Cisco IP Phones Vulnerable to Remote Eavesdropping - BestCyberNews: Online News Presenter in the present world

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Cisco IP Phones Vulnerable to Remote Eavesdropping

A vulnerability in the firmware of the Cisco Small Business SPA 300 and 500 series IP phones could allow an unauthenticated, remote attacker to listen to the audio stream of an IP phone.

The security hole was discovered by Chris Watts of Tech Analysis. In July 2014, the researcher reported two other flaws impacting Cisco SPA300 and SPA500 series IP phones: a cross-site scripting (XSS) vulnerability (CVE-2014-3313), and a vulnerability that can be exploited by a local attacker to execute arbitrary commands (CVE-2014-3312). 

The vulnerability is due to improper authentication settings in the default configuration. An attacker could exploit this vulnerability by sending a crafted XML request to the affected device. An exploit could allow the attacker to listen to a remote audio stream or make phone calls remotely.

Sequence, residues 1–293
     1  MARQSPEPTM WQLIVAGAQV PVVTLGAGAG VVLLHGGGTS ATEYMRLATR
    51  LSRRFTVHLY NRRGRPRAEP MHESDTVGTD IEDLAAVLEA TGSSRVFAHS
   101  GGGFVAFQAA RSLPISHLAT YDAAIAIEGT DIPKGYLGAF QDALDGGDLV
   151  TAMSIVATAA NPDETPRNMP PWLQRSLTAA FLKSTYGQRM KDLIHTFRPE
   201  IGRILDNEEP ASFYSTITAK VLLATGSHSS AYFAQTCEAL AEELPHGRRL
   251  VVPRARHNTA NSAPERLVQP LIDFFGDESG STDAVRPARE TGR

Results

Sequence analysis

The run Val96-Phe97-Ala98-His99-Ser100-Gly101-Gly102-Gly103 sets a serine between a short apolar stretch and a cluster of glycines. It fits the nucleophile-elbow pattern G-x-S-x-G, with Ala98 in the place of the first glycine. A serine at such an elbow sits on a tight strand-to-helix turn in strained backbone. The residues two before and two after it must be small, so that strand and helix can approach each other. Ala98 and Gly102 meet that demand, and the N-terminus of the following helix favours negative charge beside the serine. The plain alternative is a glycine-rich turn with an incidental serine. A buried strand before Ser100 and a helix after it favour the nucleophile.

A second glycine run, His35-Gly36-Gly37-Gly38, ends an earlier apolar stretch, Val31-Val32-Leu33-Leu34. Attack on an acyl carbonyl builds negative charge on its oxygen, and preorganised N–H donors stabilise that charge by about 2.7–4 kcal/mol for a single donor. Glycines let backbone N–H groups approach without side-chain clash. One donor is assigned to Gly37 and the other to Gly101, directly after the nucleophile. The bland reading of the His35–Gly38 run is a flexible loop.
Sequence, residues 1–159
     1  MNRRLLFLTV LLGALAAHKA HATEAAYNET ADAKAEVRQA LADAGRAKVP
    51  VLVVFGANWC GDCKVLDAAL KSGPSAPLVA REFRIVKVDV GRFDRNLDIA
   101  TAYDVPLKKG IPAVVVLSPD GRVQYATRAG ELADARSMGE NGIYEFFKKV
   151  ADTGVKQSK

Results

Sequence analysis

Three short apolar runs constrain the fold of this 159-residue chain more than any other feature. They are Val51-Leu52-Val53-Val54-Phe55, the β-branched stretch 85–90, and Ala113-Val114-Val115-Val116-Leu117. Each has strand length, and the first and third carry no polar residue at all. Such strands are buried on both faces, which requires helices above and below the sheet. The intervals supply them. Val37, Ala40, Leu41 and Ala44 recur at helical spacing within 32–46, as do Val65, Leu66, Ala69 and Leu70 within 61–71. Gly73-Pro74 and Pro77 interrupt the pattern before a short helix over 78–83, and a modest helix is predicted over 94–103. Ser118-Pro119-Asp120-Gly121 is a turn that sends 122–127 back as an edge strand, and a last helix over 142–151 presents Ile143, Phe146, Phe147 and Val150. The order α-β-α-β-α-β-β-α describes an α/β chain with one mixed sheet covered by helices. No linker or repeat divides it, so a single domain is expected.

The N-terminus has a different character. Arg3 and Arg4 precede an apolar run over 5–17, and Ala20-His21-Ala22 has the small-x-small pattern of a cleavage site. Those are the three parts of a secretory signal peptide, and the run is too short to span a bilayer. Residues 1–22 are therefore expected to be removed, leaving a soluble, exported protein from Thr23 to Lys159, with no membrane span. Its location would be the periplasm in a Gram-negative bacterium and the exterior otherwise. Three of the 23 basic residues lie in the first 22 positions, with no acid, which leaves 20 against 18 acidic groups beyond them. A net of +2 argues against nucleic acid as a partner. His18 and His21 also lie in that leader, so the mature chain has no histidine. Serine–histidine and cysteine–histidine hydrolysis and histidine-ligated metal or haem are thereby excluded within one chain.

The vulnerability is due to improper authentication settings in the default configuration of the affected software.An unauthenticated, remote attacker could exploit this vulnerability by sending a crafted XML request to a targeted device. 

An exploit could allow the attacker to access sensitive information by listening to a remote audio stream sent from the device. In addition, the attacker could make phone calls remotely.

An unauthenticated, remote attacker could exploit this vulnerability to listen to a remote audio stream from an affected device or to gain access to make phone calls remotely. A successful exploit could be used to conduct further attacks.

Cisco has confirmed the vulnerability; however, software updates are not available. Cisco has released bug ID CSCuo52482 for registered users that contains additional details and an up-to-date list of affected product versions.

Administrators Please Follow Below Recommendations:

  • Administrators are advised to enable XML Execution authentication in the configuration settings of affected devices.


  • Administrators are advised to allow only trusted users to have network access.


  • Administrators can help protect affected systems from external attacks by using a solid firewall strategy.


  • Administrators may consider using IP-based access control lists (ACLs) to allow only trusted systems to access the affected systems.


  • Administrators are advised to monitor affected systems.




Author Venkatesh Yalagandula Follow us Google + and Facebook and Twitter